. Blood/Gore: Throughout the entire movie, Boris shoots spikes out of his hand, which can frequently be seen sticking out of the forehead of his dead victims’ bodies; In the opening scene where we find Boris in prison, he shoots the guards with spikes, causing some to stick out of the guards’ foreheads and bodies with a little blood; We see an alien victim with spikes sticking out of their face and body with green blood; Several aliens are disintegrated into slimy goo when shot by the MIB guns; A woman is shot in the head with a spike (a little blood); A man is hit in the chest with a spike and is killed. We see some blood on his clothing around the wound; While not really gory, we see Boris missing an arm for much of the film; A younger Boris holds on to a platform which freezes his hand, to which K shoots and obliterates it off of his body.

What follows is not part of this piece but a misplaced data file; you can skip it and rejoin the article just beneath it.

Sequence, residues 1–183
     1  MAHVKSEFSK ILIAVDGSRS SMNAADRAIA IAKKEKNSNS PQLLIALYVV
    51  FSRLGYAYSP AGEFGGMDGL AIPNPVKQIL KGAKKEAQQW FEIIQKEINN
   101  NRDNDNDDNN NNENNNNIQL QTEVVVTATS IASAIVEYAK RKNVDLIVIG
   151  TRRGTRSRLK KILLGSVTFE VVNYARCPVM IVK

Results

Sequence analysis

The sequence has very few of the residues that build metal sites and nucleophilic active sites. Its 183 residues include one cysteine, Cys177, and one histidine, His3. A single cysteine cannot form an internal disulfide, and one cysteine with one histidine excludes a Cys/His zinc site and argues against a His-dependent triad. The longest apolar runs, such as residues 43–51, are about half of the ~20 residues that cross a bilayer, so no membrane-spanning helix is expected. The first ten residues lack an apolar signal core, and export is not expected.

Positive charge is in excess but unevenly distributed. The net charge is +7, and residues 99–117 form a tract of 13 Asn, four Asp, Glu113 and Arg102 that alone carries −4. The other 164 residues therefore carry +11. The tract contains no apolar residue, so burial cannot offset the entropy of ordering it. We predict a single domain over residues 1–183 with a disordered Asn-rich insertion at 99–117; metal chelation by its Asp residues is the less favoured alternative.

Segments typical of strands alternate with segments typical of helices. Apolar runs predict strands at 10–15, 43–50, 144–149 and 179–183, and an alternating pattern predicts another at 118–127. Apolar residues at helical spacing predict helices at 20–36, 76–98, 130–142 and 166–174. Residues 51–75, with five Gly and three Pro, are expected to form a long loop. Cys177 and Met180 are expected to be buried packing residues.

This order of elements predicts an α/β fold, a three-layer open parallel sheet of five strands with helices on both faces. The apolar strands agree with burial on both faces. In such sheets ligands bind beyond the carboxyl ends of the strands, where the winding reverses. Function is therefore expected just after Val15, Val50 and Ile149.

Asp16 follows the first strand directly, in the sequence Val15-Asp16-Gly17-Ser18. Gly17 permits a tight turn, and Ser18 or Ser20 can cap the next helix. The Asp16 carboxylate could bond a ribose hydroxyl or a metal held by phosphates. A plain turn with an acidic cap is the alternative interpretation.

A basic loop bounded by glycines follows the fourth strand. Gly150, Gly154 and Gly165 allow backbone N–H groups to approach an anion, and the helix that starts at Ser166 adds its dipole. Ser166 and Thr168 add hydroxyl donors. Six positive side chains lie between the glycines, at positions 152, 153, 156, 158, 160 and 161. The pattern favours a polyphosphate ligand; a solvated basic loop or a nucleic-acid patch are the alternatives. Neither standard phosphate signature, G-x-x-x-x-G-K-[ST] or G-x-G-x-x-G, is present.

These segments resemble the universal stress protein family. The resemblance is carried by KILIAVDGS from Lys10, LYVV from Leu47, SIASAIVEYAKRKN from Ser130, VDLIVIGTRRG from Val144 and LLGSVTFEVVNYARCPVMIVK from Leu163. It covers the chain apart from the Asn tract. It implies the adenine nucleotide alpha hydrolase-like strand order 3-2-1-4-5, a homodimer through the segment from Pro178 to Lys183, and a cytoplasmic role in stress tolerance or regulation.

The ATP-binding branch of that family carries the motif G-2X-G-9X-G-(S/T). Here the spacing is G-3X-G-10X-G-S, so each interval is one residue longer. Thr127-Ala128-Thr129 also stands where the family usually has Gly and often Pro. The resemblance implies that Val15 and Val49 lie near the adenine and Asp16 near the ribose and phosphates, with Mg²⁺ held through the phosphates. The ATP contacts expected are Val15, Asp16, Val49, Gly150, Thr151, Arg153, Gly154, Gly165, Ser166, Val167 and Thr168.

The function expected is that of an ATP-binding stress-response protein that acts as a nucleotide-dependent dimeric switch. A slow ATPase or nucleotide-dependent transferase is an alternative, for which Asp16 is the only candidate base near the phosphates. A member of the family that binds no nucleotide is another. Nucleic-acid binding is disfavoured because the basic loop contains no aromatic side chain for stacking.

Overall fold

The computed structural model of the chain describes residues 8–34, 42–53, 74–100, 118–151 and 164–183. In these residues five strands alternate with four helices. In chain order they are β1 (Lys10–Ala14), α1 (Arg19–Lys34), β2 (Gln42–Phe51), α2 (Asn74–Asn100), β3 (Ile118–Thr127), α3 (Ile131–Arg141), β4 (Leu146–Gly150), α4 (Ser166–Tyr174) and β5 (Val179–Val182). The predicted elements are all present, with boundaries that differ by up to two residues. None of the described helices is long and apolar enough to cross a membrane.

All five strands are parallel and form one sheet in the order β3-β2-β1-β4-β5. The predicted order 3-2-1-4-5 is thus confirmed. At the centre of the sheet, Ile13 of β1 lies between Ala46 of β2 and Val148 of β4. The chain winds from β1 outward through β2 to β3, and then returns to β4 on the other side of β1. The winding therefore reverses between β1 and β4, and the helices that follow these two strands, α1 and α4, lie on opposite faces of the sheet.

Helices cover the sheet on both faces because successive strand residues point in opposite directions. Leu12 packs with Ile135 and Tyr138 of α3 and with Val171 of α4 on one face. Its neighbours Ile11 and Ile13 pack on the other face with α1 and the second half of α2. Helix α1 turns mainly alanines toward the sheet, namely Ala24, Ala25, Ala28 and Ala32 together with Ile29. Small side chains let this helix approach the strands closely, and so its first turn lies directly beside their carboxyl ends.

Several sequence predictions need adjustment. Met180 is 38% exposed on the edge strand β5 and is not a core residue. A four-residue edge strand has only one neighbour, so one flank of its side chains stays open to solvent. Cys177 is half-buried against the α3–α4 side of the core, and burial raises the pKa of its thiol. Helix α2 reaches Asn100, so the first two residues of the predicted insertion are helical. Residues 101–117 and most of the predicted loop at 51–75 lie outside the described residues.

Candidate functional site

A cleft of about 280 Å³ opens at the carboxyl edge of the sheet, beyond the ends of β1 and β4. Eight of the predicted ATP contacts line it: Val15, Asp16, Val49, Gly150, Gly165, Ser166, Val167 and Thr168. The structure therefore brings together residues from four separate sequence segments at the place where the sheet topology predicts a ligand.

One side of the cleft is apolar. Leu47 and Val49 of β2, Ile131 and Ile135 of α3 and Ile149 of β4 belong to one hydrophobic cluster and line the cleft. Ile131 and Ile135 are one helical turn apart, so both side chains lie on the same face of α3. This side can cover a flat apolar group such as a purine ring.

. Violence: Some intense sci-fi, creature-related violence; A guard puts his finger into a cake which unleashes a crab/spider-like creature that latches onto his hand, causing him to scream in terror. It then shoots out spikes that hit the guard in the forehead and elsewhere on his body, killing him, and then another guard. We then see it enter an opening in Boris’ hand; Boris kills many humans and aliens throughout the movie by impaling their head with spikes and other areas on their bodies, often pinning their arms and body to a wall or other surface; K fish-slaps an alien; A fight breaks out in a Chinese restaurant where a series of aliens are shot by MIB guns and obliterated into goo; J pounds a man’s head in, flattening it because he’s really an alien; A woman alien shoots her tongue out at Jay, seizing his arm. He then pulls her head into a counter top; A large fish tries to eat J, but he squirts it in the face with mustard and it spits him out a window; Boris chases K to the top of a building and shoots various spikes at him which land in the surface of a door. J and K, while holding on to the door (which comes off the hinges), then fall off the building and fall a significant distance while the door slows their fall on the way down, but they are OK; A man tazes J; Boris kills an alien with spikes; A woman is hit in the head with spikes, killing her; J uses an alien’s head as a bowling ball after knocking another one unconscious with a bowling pin; A man punches another man in the face twice; J and K hop on circular bikes to chase Boris on a motorcycle. Boris’ bike crashes into a wall and explodes; J jumps from a building of great height to travel through time using a device; K fights an alien on scaffolding while J does as well. J tackles an alien after being hit with spikes and falls a great distance; An alien is consumed by fire and dies; K shoots an alien’s arm off and it falls a great distance; A man is shot in the chest with a spike and dies; A man shoots a grotesque alien and we see it blow up; We see a meteor crash into a satellite (and other sci-fi/comedic violence)